HONOLULU, HI – A documentary that will air on PBS Hawai‘i this month will take viewers back to The Hawaiian Room, an oasis in New York’s Lexington Hotel that showcased Hawaiian entertainment from 1937 through 1966. PBS Hawai‘i Presents: The Hawaiian Room makes its broadcast premiere Thursday, January 19 at 9:00 pm on PBS Hawai‘i.
In The Hawaiian Room, filmmaker Ann Marie Kirk interviews more than 20 performers who worked at the New York nightclub, which showcased Hawaiian entertainment for nearly 30 years. Photo: Hula Preservation Society Photo Collection
The tropical and glamorous ambiance and décor of The Hawaiian Room was largely informed by Hollywood’s fantasy of an island paradise. Filmmaker Ann Marie Kirk says that despite the glossy surface, the performers offered an honest representation of Hawai‘i.
“Many of them were trained by prominent kumu hula of the time,” Kirk says. “[Authenticity] still ran through everything that was done at the Hawaiian Room.”
The Hawaiian Room examines how, in the mid-20th century, the Hawaiian culture was represented to the world – a topic that remains a hot one. Kirk says Hawai‘i has moved past exaggerated representations of its host culture, but says “there’s still lots more work to do.”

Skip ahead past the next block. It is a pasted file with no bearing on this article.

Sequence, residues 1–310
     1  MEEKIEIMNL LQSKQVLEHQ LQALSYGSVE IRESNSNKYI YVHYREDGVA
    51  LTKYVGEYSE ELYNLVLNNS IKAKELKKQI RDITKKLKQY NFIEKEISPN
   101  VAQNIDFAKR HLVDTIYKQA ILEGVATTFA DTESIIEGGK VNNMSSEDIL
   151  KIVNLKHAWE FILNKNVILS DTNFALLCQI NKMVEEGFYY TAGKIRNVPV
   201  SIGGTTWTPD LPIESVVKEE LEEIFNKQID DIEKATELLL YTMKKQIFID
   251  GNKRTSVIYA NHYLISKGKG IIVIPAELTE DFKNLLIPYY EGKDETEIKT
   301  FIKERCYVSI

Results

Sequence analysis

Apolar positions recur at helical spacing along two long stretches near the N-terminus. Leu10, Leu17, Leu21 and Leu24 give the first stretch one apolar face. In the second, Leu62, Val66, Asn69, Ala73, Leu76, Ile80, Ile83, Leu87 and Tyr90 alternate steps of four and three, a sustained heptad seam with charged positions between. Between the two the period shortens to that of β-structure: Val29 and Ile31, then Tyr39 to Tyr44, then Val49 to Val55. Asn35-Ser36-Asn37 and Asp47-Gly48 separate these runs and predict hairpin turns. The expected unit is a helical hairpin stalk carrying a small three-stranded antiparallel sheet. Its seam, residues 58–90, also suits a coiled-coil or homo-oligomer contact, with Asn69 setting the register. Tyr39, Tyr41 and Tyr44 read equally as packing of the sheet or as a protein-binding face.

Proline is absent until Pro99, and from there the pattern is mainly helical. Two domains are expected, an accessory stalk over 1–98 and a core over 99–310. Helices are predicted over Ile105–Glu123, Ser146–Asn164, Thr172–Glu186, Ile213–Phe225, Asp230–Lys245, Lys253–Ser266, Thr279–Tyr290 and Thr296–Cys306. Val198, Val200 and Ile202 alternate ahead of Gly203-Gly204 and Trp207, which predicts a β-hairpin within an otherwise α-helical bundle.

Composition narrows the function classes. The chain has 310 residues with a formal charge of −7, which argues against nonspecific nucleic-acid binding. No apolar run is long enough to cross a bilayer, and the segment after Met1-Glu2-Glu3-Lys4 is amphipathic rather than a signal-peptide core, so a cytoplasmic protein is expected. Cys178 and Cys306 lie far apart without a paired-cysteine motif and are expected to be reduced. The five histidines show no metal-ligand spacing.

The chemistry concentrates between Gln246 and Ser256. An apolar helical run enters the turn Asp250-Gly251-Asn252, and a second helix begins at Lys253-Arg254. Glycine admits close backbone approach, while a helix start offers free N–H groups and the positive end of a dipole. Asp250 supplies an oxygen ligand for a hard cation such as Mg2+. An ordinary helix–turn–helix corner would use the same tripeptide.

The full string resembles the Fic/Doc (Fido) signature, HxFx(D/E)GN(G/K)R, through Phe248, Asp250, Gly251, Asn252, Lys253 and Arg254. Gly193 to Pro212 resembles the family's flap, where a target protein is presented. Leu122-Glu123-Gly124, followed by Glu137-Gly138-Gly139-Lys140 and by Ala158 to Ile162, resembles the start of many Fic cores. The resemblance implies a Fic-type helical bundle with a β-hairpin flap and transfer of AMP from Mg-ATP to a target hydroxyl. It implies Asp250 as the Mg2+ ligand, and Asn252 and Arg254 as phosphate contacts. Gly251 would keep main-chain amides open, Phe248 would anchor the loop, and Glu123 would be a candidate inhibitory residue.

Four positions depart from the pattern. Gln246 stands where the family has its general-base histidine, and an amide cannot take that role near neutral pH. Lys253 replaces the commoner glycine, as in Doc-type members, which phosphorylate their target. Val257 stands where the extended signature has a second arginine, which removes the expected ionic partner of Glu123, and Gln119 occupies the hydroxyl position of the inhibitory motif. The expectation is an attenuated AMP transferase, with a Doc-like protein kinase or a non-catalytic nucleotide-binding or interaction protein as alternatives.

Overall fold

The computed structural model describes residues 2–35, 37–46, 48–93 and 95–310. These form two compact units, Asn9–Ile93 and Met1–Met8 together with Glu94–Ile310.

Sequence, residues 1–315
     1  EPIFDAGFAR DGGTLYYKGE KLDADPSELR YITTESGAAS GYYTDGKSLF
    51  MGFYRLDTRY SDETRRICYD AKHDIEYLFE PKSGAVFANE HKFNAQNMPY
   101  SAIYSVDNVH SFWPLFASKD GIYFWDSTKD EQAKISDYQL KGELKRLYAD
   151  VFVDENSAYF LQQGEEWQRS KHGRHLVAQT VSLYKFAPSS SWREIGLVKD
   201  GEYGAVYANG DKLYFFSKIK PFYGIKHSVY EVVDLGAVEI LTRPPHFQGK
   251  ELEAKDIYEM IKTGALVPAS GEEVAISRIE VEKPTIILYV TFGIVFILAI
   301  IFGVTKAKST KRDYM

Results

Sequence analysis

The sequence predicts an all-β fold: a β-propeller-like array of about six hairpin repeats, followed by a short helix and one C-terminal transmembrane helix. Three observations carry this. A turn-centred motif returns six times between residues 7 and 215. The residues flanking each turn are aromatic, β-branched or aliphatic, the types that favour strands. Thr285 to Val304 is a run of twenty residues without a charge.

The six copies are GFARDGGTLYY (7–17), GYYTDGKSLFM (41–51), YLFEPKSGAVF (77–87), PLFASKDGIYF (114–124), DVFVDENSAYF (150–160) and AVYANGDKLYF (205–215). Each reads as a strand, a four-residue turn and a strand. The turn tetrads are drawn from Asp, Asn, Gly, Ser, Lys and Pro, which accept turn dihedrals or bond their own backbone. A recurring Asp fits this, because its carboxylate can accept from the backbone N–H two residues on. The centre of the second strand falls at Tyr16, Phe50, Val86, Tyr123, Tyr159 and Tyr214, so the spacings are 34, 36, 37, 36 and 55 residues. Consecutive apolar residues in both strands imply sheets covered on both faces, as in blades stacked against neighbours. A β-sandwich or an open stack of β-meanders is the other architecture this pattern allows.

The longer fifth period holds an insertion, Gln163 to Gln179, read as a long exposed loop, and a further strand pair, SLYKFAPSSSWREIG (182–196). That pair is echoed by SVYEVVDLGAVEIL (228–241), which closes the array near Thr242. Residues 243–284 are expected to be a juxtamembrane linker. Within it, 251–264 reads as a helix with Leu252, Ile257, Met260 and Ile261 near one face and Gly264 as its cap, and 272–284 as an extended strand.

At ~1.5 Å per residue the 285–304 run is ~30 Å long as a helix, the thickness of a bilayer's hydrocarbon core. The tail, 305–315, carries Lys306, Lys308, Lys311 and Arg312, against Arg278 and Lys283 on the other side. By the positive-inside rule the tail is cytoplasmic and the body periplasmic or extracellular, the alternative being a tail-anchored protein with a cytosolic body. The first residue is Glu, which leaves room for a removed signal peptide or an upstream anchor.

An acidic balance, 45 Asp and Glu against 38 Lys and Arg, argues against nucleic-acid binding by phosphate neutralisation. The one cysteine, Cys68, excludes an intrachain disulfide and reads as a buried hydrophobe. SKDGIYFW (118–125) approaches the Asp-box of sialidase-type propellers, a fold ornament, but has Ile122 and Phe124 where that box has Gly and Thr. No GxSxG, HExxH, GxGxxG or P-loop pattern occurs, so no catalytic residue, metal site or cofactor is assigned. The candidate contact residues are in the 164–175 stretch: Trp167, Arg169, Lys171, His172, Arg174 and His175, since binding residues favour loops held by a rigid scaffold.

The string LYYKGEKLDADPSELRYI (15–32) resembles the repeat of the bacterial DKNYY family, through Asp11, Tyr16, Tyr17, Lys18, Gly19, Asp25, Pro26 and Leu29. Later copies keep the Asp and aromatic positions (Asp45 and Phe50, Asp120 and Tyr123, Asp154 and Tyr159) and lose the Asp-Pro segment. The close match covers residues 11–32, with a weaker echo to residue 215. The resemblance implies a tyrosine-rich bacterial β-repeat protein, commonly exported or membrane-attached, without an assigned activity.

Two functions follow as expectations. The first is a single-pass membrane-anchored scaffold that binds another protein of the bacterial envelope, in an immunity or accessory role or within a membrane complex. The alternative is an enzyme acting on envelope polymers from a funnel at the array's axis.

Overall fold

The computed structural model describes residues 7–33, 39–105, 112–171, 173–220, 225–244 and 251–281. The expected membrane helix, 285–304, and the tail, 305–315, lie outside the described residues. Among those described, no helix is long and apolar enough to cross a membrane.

“The authentic representation of Hawai‘i and Hawaiians can be tricky waters to navigate,” Kirk says. “It’s not a bad thing, just tricky.”
For this film, Kirk interviewed more than 20 former dancers, entertainers and patrons of The Hawaiian Room. She was surprised by the courage of the young performers – many of them females in their teens and early 20s – who relocated to New York from Hawai‘i. For many of them, it was their first time outside of the islands. “They had no ‘ohana in New York City,” Kirk said. “Yet, they created an ‘ohana in New York City with the Hawaiian Room.”
Kirk says that The Hawaiian Room is a story that “could have been easily lost.”
“Many people don’t know the significance of the Hawaiian Room and of the Hawaiians who performed there, and I think they should,” Kirk says. “It’s an amazing story.”
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Contact: Liberty Peralta
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